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Sciences

High On Helium

December 7, 1905

In KU’s Bailey Hall, chemistry professors Hamilton P. Cady and David F. McFarland discover that helium can be extracted from natural gas.

Natural Observer

April 1, 1874

The Observer of Nature, KU’s first serious student publication, issues its premiere edition.

It’s All In The Delivery

October 17, 1984

More than 200 “internationally known scientists from Europe, Japan and the U.S” descend on the Lawrence Holiday Inn Holidome for a symposium on “Directed Drug Delivery” held in honor of KU professor Takeru Higuchi, the “father of physical pharmacy.”

Fly Us To The Moon

December 7, 1972

Commander Ronald E. Evans becomes the first KU alumnus in space when he and two other astronauts of Apollo 17 blast off from Cape Kennedy on NASA’s sixth and final 20th century manned mission to the moon.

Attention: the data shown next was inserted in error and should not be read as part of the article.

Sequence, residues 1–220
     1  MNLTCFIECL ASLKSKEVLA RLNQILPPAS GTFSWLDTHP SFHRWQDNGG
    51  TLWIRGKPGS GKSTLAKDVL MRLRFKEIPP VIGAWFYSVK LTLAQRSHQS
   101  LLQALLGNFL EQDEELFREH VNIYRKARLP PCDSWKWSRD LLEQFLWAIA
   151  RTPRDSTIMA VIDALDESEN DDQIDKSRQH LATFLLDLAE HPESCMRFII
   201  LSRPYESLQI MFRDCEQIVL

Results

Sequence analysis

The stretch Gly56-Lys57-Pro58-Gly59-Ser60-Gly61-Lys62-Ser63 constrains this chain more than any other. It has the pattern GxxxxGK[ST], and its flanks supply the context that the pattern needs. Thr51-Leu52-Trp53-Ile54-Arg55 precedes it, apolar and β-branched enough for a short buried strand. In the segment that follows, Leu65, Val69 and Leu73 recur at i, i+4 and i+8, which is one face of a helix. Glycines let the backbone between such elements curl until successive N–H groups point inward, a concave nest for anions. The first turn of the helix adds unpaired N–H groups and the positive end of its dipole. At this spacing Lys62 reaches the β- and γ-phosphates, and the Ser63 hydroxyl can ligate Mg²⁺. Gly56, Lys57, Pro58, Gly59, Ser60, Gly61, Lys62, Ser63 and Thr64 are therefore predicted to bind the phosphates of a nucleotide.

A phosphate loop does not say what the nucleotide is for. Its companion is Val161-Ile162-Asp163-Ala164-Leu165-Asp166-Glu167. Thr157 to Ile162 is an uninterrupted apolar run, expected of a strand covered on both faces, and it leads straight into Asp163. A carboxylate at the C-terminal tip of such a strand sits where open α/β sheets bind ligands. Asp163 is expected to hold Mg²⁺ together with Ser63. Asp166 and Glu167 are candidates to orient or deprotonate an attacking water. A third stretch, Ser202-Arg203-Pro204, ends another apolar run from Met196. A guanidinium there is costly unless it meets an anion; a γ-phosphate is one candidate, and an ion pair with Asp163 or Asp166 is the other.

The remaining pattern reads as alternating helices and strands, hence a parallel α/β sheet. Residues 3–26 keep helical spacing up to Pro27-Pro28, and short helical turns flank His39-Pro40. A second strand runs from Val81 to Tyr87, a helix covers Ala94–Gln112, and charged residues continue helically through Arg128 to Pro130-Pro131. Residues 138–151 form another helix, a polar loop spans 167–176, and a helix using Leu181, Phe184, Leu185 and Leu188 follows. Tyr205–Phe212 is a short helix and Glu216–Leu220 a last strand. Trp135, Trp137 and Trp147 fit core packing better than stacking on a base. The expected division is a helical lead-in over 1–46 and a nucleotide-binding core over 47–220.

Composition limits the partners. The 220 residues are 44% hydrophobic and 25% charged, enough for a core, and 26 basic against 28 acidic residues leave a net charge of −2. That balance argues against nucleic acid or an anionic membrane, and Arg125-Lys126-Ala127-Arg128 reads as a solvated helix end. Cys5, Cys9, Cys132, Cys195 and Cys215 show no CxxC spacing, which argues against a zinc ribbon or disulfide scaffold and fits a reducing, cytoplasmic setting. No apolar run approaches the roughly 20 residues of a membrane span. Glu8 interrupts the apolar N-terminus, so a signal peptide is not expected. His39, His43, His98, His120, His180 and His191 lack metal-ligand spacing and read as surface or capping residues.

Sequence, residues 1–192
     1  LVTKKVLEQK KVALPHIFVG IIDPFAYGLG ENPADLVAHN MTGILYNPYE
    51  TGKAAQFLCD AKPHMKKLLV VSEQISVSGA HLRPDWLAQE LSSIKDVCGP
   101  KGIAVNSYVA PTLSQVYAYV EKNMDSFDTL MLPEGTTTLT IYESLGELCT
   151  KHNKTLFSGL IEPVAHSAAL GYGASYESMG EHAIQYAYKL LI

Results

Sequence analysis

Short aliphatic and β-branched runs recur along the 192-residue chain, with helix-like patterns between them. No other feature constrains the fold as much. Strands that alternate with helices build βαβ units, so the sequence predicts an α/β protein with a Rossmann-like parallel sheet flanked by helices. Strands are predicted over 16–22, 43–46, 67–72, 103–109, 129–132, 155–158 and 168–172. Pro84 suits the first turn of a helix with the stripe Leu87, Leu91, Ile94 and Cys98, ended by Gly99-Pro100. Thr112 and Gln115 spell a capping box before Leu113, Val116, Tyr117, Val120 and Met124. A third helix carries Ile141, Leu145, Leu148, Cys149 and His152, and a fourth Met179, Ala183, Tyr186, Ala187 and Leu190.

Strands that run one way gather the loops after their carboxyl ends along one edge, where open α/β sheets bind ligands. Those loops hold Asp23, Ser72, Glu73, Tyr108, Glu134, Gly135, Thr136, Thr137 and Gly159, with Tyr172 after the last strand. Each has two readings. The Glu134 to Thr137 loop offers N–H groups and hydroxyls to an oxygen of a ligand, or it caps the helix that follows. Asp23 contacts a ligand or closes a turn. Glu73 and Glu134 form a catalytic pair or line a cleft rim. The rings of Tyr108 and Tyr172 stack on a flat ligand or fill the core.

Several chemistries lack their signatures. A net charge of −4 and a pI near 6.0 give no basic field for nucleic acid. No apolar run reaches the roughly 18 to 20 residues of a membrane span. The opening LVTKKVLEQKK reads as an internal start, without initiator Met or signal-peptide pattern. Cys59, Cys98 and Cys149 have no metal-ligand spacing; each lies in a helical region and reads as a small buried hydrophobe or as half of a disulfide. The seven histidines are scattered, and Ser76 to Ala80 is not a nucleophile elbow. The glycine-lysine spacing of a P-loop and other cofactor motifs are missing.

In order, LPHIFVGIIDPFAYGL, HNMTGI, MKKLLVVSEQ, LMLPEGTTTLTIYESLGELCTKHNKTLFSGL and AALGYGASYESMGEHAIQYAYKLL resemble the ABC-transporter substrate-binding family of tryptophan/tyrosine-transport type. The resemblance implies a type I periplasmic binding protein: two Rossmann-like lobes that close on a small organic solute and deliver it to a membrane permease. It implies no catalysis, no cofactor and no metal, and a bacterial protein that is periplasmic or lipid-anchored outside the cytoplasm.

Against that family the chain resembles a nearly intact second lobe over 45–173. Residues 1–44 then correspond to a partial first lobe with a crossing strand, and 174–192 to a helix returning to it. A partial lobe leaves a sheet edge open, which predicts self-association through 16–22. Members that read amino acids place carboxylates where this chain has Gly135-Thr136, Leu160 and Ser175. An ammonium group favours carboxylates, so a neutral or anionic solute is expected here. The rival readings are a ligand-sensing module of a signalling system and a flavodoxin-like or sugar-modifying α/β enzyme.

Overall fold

“Just What We Need”

May 21, 1959

KU speech clinician Dick Schiefelbusch presents preliminary research indicating that children with profound mental retardation can learn.

Snow’s Day

June 8, 1930

Present-day Snow Hall is dedicated, replacing the original Snow Hall that had fallen into disrepair.

Water On The Brain

February 23, 1895

KU physics and engineering professor, Lucien I. Blake, successfully transmits the first long distance ship-to-shore message using underwater wireless technology.

Northern Exposure

July 7, 1894

KU’s Lewis Lindsay Dyche leaves New York as official naturalist on the ill-starred Cook expedition to the North Pole.

“Nothing Like It In The World”

May 1, 1893

The Panorama of North American Mammals, a version of which is now located in the University of Kansas Natural History Museum in Dyche Hall, debuts as the centerpiece of the Kansas pavilion at the World’s Columbian Exposition in Chicago.

Driven Snow

April 11, 1890

The Kansas Board of Regents elects natural science professor Francis H. Snow the University’s fifth chancellor.